1972 World Series: Wikis


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1972 World Series
Team (Wins) Manager Season
Oakland Athletics (4) Dick Williams 93–62, .600, GA: 5½
Cincinnati Reds (3) Sparky Anderson 95–59, .617, GA: 10½
Dates: October 14 – October 22
MVP: Gene Tenace (Oakland)
Television: NBC
TV announcers: Curt Gowdy, Al Michaels (Games 1–2, 6–7), Monte Moore (Games 3–5), Tony Kubek
Radio: NBC
Radio announcers: Jim Simpson, Monte Moore (Games 1–2, 6–7), Al Michaels (Games 3–5)
Umpires: Chris Pelekoudas (NL), Jim Honochick (AL), Mel Steiner (NL), Frank Umont (AL), Bob Engel (NL), Bill Haller (AL)
Future Hall of Famers: Athletics: Dick Williams (mgr.), Reggie Jackson (dnp), Catfish Hunter, Rollie Fingers.
Reds: Sparky Anderson (mgr.), Johnny Bench, Joe Morgan, Tony Pérez.
ALCS: Oakland Athletics over Detroit Tigers (3–2)
NLCS: Cincinnati Reds over Pittsburgh Pirates (3–2)
 < 1971 World Series 1973 > 

The 1972 World Series matched the American League champion Oakland Athletics against the National League champion Cincinnati Reds, with the A's winning in seven games. These two teams would meet again in the Fall Classic eighteen years later.



The Athletics won the American League West division by 5+12 games over the Chicago White Sox then defeated the Detroit Tigers, three games to two, in the American League Championship Series. The Cincinnati Reds won the National League West division by 10+12 games over both the Los Angeles Dodgers and the Houston Astros, then defeated the Pittsburgh Pirates, three games to two, in the National League Championship Series. In doing so, the Reds, who won one fewer game than the Pirates during the regular season, became the first team in MLB history to reach the World Series without having the best record in its league. This had become a possibility when divisional play was introduced in 1969, but in each of the first six League Championship Series, the team with the better record still won and advanced to the World Series.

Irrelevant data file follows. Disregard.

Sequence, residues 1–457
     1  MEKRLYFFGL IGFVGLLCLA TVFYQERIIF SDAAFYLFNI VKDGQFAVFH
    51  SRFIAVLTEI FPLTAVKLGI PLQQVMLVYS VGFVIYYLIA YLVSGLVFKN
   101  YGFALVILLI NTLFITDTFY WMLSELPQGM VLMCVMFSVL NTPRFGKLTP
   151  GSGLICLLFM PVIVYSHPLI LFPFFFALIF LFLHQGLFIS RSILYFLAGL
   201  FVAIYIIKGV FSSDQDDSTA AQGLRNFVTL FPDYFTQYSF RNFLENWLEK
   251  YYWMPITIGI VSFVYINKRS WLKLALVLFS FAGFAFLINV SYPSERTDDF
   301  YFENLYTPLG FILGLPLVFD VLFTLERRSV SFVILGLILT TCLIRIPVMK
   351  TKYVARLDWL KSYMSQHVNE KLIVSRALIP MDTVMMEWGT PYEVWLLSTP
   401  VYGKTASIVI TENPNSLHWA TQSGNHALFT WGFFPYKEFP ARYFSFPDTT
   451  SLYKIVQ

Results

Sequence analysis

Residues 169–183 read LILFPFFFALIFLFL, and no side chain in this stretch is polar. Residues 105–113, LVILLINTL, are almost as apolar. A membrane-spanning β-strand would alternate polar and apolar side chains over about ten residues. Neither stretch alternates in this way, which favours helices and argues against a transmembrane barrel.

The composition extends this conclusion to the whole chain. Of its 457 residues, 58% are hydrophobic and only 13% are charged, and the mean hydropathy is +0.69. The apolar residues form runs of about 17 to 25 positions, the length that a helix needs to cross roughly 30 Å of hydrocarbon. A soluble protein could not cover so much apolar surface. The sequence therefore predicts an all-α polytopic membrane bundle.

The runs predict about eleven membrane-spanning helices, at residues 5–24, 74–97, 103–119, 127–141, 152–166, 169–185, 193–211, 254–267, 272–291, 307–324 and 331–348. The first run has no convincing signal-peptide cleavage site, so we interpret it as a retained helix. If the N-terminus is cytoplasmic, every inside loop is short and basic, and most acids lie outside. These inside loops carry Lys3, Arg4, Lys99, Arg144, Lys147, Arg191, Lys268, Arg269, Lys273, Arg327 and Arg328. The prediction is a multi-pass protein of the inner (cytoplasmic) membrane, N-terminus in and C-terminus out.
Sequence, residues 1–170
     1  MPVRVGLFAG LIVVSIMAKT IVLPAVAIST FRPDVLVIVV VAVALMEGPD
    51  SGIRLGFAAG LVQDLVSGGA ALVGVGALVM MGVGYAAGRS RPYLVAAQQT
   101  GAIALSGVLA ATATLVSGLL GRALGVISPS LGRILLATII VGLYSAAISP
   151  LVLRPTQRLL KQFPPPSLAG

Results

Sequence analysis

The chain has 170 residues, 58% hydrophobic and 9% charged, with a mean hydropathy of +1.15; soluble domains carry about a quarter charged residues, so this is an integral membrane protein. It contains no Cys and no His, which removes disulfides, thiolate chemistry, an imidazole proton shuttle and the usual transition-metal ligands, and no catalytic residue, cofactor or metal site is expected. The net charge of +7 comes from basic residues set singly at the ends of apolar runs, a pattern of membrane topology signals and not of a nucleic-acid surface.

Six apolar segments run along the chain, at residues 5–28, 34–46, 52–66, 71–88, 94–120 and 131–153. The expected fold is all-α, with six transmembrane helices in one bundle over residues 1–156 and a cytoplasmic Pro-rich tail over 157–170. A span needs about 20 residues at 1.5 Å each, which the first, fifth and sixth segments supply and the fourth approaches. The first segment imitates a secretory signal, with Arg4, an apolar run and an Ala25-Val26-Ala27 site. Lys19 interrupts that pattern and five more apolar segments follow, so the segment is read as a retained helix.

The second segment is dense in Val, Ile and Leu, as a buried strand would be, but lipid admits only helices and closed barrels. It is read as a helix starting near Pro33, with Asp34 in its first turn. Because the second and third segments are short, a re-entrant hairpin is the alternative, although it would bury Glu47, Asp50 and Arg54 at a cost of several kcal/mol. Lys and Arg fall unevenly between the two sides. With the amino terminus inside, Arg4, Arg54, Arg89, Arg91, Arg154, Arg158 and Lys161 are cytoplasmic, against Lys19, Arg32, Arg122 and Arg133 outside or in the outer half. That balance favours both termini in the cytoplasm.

This was the Reds' second trip to the Series in three years. It was the Oakland Athletics' first trip to the Series, and the first for the Athletics franchise since their Philadelphia days (1931).

The Athletics prevailed in this matchup of what were to become the two premier Major League Baseball dynasties of the 1970s. Iconoclastic club owner Charlie Finley's "Swingin' A's" featured day-glo uniforms, lots of facial hair, colorful nicknames, and explosive personalities, while "The Big Red Machine" were a more traditional franchise with a more traditional look—and an everyday lineup packed full of future Hall of Famers. The Series was dubbed "The Hairs vs. the Squares".

After a 40-year absence and two franchise relocations, the A's had finally made it back to the Series. They would play the Series without their star right fielder Reggie Jackson, who was injured (pulled hamstring) stealing home in the final game of the season against Detroit. Darold Knowles was also missing. He broke his thumb during a game played on September 27, 1972—less than three weeks before the Series opener.

With Jackson out, Gene Tenace—who had hit five home runs during the entire 1972 season—would fill-in admirably socking four home runs equaling the World Series mark set by Babe Ruth and Lou Gehrig. Tenace also had nine RBI in the Series—no other Oakland player had more than one. He was voted winner of the World Series Most Valuable Player Award.

In contrast, the Reds' big boppers, Johnny Bench (.270 avg., 40 HR, 125 RBI, NL MVP), Tony Pérez (.283 avg., 21 HR, 90 RBI), and Denis Menke (9 HR, 50 RBI), combined for only two homers and five RBI the entire Series.